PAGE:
Twining, Thomas, 1734-1804. English tr. of Aristotle's Poetics, 1789. Recreations and Studies, 1883.

Twin-Leaf. Jeffersonia diphylla. Low, white-flowered herb of the natural order Berberidece, native of the e. U. S.; known also as Rheumatism-root.

Twirler. See Twister.

Twlss, Sir Travers, D.C.L.. F.R.S.. b.1809. Prof. Oxford 1842-47 and 1855-72; knighted 1867; framer of a constitution for Congo Free State 1884. International Law, 1856; Law of Nations, 1861-63; Monumenta Juridica, 4 vols., 1871-76.

Twisted-Stalk. Herbs of the genus Streptopus, of the Lily family, bearing inconspicuous flowers, natives of n. temperate zone.

Twister, or Twirler. In w. U. S., tornado, or small revolving storm.

Two-cent Piece. U. S. bronze coin, issued 1864-73; first to bear the motto, "In God we Trust."

Two Old Cat. See One Old Cat.

Tybee Island. In Georgia, at mouth of Savannah river. It is 6 m. long and 3 m. wide, and separated from the coast by Lazarreto Creek.

Tycho Rrahe. See Brahe.

Tycoon. Shogun, or military chief of Japan.

Tydldes. Son of Tydeus. See Diomedes.

Tye, Christopher, d.1572. Church composer; organist of Ely Cathedral 1041-62.

Tylarl. Wart-like pads on the underside of the toes of birds.

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Tyler, Bennett, D.D., 1783-1858. Pres. Dartmouth Coll. 1822-28; pres. Theol. Institute, E. Windsor, Conn., from 1834. He maintained the older and stricter views against Dr. N. W. Taylor (q.v.) of Yale. Hist. New Haven Theology, 1837; Lectures, 1859.

Tyler, Daniel. 1799-1882. Brig.-gen. U. S. Vols. 1862-64, serving in Miss., Va., and Md.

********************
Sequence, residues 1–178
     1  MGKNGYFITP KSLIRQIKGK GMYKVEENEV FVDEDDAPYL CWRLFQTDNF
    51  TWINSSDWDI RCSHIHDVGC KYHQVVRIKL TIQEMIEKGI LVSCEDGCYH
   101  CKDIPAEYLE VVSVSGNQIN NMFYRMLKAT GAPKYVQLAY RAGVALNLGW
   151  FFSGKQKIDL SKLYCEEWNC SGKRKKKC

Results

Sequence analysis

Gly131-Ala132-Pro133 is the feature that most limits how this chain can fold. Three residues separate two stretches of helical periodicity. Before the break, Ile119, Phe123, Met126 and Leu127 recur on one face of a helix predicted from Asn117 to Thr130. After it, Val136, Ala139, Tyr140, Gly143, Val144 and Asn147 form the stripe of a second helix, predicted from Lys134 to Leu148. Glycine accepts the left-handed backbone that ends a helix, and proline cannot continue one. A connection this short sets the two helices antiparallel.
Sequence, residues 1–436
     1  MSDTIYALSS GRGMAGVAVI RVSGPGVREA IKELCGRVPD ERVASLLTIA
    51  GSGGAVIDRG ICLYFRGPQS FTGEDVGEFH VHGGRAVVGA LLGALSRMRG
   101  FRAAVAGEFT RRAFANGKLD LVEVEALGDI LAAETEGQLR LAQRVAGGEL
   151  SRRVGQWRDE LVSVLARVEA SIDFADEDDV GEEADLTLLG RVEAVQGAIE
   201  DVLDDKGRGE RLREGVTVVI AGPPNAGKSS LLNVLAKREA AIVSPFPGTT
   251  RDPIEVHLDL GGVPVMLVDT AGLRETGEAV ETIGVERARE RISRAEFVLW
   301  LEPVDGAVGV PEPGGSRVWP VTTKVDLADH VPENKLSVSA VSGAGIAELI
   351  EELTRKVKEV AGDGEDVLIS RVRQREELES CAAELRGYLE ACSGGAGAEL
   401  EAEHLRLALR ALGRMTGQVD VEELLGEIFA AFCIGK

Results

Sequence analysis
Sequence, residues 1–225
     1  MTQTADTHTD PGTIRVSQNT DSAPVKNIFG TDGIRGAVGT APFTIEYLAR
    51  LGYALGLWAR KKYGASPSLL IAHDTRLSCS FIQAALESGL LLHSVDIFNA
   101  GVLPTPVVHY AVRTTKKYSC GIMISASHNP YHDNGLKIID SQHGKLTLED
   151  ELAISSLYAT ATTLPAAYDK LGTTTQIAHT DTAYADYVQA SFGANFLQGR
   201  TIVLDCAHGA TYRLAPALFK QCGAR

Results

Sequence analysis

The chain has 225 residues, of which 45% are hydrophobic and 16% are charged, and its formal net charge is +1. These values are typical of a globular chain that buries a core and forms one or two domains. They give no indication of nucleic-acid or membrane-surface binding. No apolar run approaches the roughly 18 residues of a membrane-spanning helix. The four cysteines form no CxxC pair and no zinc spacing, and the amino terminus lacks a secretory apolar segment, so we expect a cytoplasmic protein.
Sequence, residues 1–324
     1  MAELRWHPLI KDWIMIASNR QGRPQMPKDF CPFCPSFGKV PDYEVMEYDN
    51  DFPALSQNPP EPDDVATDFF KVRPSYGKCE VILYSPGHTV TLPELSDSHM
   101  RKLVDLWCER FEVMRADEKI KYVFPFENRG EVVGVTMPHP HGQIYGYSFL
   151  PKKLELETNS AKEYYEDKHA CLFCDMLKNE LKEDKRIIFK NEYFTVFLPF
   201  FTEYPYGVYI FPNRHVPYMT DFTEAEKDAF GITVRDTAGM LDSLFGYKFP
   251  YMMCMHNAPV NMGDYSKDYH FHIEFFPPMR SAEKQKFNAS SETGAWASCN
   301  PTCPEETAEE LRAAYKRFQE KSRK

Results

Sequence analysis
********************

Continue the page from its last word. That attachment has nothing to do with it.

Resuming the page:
Tyler, John, 1790-1862. Tenth pres. U. S.; M.C. 1816-21; Gov. of Va. 1825-27: U. S. Senator 1827-36: opponent both of U. S. Bank and of Pres. Jackson's measures against it: Whig candidate for Vice-Pres. 1836; elected 1840. He succeeded Pres. Harrison, April 1841, and had a rather stormy term,

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being at odds with most of the Whigs on the Bank question and other matters. Webster alone of Harrison's advisers remained in the.Cabinet. From 1845 he was in private life till 1861, when he entered the Confederate Congress.—His son, Lyon Gardiner, LL.D., b.1853, pres. William and Mary Coll. since 1883, pub. Letters and Times of the Tylers, 1884.

Tyler, Moses Coit, LL.D., b. 1835. Prof. Univ. Mich. 1867-81, and Cornell since 1881. Braumville Papers, 1868, Hist. American Literature (Colonial), 1878; Patrick Henry, 1887; Literary Hist. Revolution, vol. 1, 1897.

Tyler, Ransom Hebbard, 1813-1881. Judge of Oswego co., N. Y. Law of Infancy, 1868; Usury, Pawns, and Loans, 1873; Boundaries and Fences, 1874; Fixtures, 1877.

Tyler, Robert Ooden, U.S.A., 1831-1874. Brig.-gen. U. S. Vols. 1862; artillery commander in Va.: disabled at Cold Harbor, June 1, 1864; Brevet major-gen. U.S.A.

Tyler, Royall, 1757-1826. Judge of Vt. Supreme Court 1794, Chief-justice 1800-6; author of three plays, produced 1786-97, a romance, The Algerine Captive. 1797, and other works. Reports Vt. Supreme Court, 1809-10.—His son, EdWard Royall, 1800-1848, founded The New Englander.

Tyler, Samuel, LL.D., 1809-1878. Law prof. Columbian Coll., Washington, D.C., from 1867: biographer of R. B. Taney, 1872. Burns, 1848; Progress of Philosophy, 1858; Law of Partnership. 1877. His Baconian Philosophy, 1844, won praise from Sir Wm. Hamilton.

Tyler, Wat, d.1381. Leader of a revolt of English peasants, celebrated in Shakespeare's Richard II.

Tyler, William Seymour, D.D., LL.D., 1810-1897. Prof. Amherst since 1836; editor of Tacitus, 1847-49, and other classics. Tlieology of Greek roets, 1867; Hist. Amherst Coll., 1873.